Material. Mild steel, 16 mm in diameter, 200 mm long.
Additional tools. Round, tapered punch about 12 mm in diameter with flattened end (Fig. 77); bending fork and bending dog (Fig. 77); 30-mm bottom swage; 16-mm bottom swage.
To begin forging a solid hook for chain (Fig. 78D), heat one end of the 16-mm rod to near-welding heat and chamfer in a 16-mm bottom swage. Cool this end and take a near-welding heat on the opposite end. Cool to restrict heat to within about 30 mm of the end and begin upsetting in the 30-mm bottom swage. Straighten as necessary. Continue heating and upsetting in the swage until the upset fills the diameter of the swage and is about 3 mm thicker than the original diameter (Fig. 78A). As upsetting proceeds, some flattening of the sides in the one direction is called for (Fig. 79).
When the end is of correct size and neatly formed, mark the centre of the hole which now has to be punched. It should be on centre across the work but about 2 or 3 mm more from the end. (For example, if the centre of 30 mm equals 15 mm, the distance from the end should be 17 to 18 mm.)
The upset end is again heated to a yellow heat and placed on the anvil face with the mark upwards. The punch is positioned on the mark and struck firmly with the hand hammer. After two or three blows, quickly cool the punch before proceeding. In all punching operations the punches must not be allowed to become too hot and so must be cooled. Hot punches distort in the hole, giving wrong shapes, and they can become firmly fixed in the work. When the punch is removed for cooling, a little coal or coke dust can be sprinkled into the hole. When the punching continues, this dust will generate gases that assist in the removal of the punch. As soon as a dark patch can be seen on the opposite side of the work, indicating that the punch is nearly through, the job is turned over and punching is continued from the now-top side. A small piece of metal will be removed (Figs 80, 81 and 82).
The punch can now be driven through from alternate sides until a neat hole of 12 mm in diameter is formed. This can be done by allowing the punch to protrude through the punching (pritchel) hole. Should this hole be too small, a bolster plate must be used. (The anvil tool hole is too large.) The eye is next finished over the beak (Fig. 83). Hammer blows are vertical and on the centre of the beak. Work is held at the angle shown and rotated around the beak as hammering proceeds. This gives a chamfer to the inside of the hole, providing better protection from the rubbing of any attachments, such as chain links. Finally, the eye is slightly bent to one side (Fig. 78B). Fix a pair of tongs that are a good fit on to the eye. Take a near-welding heat on the end opposite to the eye for a length of about 60 mm. Forge a point (Fig. 78C). Start with an abrupt point on the end and elongate as necessary. The final length of the point should be approximately one-third of the length measuring from beneath the eye. This point should incline in the direction opposite to the bend in the eye.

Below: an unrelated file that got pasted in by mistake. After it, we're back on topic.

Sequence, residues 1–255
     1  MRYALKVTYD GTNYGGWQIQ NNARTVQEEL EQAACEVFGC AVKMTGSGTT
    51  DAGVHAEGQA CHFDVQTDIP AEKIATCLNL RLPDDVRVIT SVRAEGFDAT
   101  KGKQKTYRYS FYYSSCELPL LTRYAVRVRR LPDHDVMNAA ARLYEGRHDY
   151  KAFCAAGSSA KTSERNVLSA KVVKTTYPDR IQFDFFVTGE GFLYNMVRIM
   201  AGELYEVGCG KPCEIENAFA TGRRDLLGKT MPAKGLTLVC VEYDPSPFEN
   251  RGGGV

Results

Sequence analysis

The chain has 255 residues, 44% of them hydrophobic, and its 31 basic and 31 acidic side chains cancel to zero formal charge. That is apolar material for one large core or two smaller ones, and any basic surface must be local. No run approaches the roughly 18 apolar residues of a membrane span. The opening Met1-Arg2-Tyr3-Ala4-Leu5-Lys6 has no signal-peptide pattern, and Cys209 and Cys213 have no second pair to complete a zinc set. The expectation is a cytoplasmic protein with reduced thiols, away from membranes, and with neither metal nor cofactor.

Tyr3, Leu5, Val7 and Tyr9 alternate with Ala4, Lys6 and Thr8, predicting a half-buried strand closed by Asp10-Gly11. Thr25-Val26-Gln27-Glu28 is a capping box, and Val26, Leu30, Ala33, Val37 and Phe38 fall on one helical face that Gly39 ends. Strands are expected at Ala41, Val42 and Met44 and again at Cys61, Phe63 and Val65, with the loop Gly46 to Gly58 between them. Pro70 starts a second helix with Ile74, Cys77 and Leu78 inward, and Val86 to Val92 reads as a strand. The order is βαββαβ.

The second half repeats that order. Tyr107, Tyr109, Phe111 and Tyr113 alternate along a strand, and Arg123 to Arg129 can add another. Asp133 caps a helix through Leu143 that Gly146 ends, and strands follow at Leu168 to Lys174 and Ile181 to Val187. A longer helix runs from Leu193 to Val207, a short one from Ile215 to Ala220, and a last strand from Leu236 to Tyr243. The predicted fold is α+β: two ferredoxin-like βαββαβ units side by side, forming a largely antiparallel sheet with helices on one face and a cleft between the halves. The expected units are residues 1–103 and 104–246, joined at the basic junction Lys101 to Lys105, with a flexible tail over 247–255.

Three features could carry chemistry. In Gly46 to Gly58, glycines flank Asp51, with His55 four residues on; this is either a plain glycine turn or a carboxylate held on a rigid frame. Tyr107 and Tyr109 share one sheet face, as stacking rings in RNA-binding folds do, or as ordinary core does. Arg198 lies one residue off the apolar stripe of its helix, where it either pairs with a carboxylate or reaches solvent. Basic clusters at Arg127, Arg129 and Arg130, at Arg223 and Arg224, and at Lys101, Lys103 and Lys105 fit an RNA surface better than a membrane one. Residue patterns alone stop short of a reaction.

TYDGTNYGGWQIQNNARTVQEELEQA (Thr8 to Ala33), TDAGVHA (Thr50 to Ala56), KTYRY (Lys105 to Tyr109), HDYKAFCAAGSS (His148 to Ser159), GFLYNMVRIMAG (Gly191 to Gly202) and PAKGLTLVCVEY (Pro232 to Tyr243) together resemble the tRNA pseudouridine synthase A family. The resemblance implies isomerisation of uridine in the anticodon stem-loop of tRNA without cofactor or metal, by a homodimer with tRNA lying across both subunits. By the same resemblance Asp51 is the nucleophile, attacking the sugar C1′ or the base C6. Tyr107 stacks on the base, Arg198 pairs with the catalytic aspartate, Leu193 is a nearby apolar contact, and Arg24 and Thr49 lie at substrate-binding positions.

The point must be forged to a square section first, corners removed and finally rounded up. Place a bending fork in the tool hole of the anvil and have the bending dog at hand. Heat the centre section of the job to a bright red heat, making sure that the temperature is even along its length. Place in the bending fork and with the aid of the bending dog bend to hook shape. The end of the point should reach to the underside of the eye. See Figs 84 and Fig 78D. At this stage the point should not be closer than 30 mm to the eye.
The centre of the hook is again heated to a bright red or yellow heat, placed on the anvil (Fig. 85) and the outer part of the metal thinned to give the section shown in the Fig. 85 inset. The job is now brought to a red heat all over and adjustments made. It should lie flat on the anvil face with no distortion. The end of the point should be about 12 mm from the eye to allow for the insertion of chain. Some designs have the point turned out a little. Simpler hooks can, of course, be made with unwelded eyes, but they are weaker. Solid forged hooks of all sizes can be made in the way shown here.